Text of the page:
Eldevin is one of those MMOs that gets mentioned when people are asking for recommendations for little-known and underrated titles. Those are the kinds of games that I’m always keeping an eye out for, so I loaded this one up over the weekend for a try.
Strange note, it turns out that I had tried this at SOME point in the past, as I had a level 2 character on the screen. I don’t recall when, and my auxiliary gaming brain (this blog) is of no help. In any case, I started with a fresh character, marveling over the low-polygon graphics.
I mean, REALLY low-poly. Eldevin gets compared a lot to RuneScape, and I can see why. Both games offer similar generic fantasy styles with low draw distance and chunky visuals. Yet both also have some measure of charm in them, and I appreciated that there was some effort here to provide world details (such as flowing sewers or ambient creatures) and a colorful setting.
Another point of comparison with RuneScape is a class-less system. In Eldevin, you start out as a generic Human adventurer like everyone else and can invest ability and talent points as you level up. Pretty standard stuff, but then again, I kind of appreciated how easy it was to understand all of the systems in Eldevin. Sometimes in MMOs we get devs who feel like they have to reinvent the wheel and make everything far more obtuse than it needs to be.
I won’t say that the opening hours were anything that amazing in this game. It’s one of those MMOs where it feels like it has to hold your hand for a long, long while, where every quest is an extended tutorial of some sort. About the most interesting part was when I was sent through a portal into some sort of void dimension that felt like the “dark world” from Zelda.
Combat is… well, it’s there. Since you can pick your playstyle, the game encourages you to try out melee, magic, and archery to your heart’s content. I settled on archery, mostly because it was enjoyable to sit back and thwip-thwip-thwip hogs and beetles to death. On a weird side note, the auto-attack in this game is obscenely fast. Like this would be rapid fire in other MMOs, but here your guy is just going nuts. I think it may be the fastest auto-attack I’ve ever seen.
A nice player came along and took pity on my noobness by donating an entire vanity set of Santa Claus gear to me. Nothing like bringing Christmas cheer into March, I say! Ho-ho-ho.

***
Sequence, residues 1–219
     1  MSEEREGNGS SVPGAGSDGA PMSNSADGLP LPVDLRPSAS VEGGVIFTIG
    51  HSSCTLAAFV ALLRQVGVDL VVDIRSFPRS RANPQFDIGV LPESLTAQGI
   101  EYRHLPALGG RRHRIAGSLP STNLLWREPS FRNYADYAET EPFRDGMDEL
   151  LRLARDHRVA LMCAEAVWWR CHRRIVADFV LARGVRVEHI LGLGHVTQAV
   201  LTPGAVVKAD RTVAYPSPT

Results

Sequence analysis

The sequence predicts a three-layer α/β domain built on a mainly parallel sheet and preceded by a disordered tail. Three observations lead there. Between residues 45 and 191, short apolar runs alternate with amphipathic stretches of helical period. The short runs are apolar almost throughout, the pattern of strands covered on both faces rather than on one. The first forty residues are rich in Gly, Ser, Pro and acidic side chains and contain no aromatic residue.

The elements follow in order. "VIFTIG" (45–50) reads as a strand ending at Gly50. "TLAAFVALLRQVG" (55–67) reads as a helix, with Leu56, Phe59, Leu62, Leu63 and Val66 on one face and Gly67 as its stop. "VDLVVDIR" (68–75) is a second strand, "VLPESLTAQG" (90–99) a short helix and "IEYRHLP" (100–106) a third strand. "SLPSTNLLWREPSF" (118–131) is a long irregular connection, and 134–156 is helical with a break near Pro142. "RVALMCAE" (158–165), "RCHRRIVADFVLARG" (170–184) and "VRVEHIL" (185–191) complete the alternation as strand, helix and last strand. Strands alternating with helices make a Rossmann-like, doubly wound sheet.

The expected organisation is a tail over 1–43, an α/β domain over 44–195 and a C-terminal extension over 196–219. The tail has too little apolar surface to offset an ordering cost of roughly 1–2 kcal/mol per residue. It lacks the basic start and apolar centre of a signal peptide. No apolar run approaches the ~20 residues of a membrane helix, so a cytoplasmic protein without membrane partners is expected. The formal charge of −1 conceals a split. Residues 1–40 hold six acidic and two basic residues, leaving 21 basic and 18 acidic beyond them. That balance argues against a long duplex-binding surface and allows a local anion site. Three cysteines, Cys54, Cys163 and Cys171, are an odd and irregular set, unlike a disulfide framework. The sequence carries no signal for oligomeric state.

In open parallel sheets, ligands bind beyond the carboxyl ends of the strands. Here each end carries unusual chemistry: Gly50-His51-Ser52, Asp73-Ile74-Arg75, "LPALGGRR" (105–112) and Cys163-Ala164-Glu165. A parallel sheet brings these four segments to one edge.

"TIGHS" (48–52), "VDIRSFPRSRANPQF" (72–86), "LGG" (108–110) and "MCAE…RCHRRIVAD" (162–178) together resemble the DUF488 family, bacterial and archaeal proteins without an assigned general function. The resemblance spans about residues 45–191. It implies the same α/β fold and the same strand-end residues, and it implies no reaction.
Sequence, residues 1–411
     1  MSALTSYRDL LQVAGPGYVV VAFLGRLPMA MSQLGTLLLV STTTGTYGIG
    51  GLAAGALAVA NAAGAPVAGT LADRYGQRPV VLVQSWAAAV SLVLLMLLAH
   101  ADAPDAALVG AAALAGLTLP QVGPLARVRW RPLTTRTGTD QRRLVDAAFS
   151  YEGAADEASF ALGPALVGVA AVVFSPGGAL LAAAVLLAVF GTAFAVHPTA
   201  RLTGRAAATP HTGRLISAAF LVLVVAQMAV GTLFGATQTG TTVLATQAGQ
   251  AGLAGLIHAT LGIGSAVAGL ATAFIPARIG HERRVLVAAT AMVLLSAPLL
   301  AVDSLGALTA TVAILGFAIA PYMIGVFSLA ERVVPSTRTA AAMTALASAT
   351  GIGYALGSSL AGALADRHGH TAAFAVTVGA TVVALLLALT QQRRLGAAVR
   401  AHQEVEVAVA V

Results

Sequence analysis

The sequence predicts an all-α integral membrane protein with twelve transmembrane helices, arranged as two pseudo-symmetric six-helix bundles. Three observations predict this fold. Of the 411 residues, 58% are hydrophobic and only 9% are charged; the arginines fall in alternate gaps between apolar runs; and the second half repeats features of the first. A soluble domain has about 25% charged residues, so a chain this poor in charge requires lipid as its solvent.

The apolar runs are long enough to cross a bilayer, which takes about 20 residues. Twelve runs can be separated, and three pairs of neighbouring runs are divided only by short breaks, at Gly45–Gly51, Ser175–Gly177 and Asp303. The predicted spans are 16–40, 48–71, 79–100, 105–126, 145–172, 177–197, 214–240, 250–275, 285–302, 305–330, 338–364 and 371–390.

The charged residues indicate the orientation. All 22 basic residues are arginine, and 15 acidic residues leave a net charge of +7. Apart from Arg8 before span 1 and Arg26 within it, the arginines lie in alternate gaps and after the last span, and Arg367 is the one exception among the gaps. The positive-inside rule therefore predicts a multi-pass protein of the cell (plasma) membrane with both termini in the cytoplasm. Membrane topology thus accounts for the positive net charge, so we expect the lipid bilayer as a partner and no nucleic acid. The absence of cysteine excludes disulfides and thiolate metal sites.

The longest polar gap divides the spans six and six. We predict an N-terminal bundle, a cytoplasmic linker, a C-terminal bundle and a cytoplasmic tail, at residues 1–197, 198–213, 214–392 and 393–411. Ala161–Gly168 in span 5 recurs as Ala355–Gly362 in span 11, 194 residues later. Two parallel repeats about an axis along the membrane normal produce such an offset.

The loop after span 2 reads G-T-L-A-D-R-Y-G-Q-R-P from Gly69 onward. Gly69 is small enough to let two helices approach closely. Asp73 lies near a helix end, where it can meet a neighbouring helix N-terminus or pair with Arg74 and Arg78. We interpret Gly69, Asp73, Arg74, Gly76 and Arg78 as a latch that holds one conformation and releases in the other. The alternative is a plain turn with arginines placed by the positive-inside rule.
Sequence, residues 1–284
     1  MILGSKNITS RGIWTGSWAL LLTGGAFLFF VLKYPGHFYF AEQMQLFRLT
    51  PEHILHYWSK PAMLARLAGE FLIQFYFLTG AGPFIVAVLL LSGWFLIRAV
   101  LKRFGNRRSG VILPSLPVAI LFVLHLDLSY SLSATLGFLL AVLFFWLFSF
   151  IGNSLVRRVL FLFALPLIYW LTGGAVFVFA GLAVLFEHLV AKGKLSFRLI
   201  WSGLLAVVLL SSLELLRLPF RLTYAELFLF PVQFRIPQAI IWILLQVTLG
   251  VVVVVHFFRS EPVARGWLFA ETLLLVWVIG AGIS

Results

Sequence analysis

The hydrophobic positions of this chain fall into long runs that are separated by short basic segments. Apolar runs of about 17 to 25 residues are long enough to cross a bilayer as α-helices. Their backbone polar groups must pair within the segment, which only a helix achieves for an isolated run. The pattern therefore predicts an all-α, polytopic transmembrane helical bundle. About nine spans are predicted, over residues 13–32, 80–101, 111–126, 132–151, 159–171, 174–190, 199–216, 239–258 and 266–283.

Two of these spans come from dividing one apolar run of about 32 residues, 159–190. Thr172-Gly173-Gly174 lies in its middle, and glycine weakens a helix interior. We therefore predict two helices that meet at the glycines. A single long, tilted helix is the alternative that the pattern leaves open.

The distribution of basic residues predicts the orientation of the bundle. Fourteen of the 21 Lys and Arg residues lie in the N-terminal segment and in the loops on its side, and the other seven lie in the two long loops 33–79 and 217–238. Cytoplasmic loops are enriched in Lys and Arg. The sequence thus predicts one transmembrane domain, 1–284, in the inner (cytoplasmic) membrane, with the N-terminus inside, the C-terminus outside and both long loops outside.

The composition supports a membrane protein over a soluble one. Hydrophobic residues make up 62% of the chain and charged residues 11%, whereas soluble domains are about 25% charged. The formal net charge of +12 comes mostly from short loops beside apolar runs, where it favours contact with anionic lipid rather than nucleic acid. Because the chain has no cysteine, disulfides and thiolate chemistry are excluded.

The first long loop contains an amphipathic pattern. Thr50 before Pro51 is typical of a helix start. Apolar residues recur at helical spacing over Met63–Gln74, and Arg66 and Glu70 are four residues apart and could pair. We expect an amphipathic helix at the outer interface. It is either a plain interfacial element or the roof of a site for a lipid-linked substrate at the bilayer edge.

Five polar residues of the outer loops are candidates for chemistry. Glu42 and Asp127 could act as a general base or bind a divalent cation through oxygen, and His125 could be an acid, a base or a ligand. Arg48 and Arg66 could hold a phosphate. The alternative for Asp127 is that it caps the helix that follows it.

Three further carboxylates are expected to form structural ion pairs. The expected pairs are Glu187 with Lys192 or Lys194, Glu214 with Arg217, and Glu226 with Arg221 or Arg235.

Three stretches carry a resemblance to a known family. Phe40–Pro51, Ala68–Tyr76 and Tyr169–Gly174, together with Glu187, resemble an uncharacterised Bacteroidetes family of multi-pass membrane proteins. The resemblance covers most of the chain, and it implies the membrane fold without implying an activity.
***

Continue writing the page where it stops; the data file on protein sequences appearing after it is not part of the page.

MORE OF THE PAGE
One early quest that showed potential had me diving into multiple levels of a goblin cave to rescue “Mandreke’s Wife.” Pause for recognition. Yeah, it’s a cheap World of Warcraft joke, but hey, I smiled. And it was weird because the lady refused to be rescued, instead complaining that her husband should come down and rescue him herself. He, in turn, sent a letter and an amulet as an apology. The game let me choose whether or not to keep the amulet (I did), which was a nice touch. And the boss fight with a hobgoblin was the first fight I’d had in the game where a critter didn’t die in under a half-second.
Still in the throes of tutorials — and I promise you, I’d been trucking for a good solid two hours here — I found myself taking a self-guided tour all over the main city while my character provided narration (?!) as to the locales I’d passed. The end result of this was a little teleport token that I could use to return to the city, which I would probably never do because I’m not a big fan of fantasy cities to begin with.
From my early experience, Eldevin is a nice but forgettable MMO that manages to get the basics right without doing anything that interesting or different. I mean, it’s adequate, but how can I recommend adequate when there are other MMOs that do pretty much everything here but better? It’s cute, it’s inoffensive, and it’s at least understandable, which is more than I can say for some titles. But I doubt I’ll be coming back.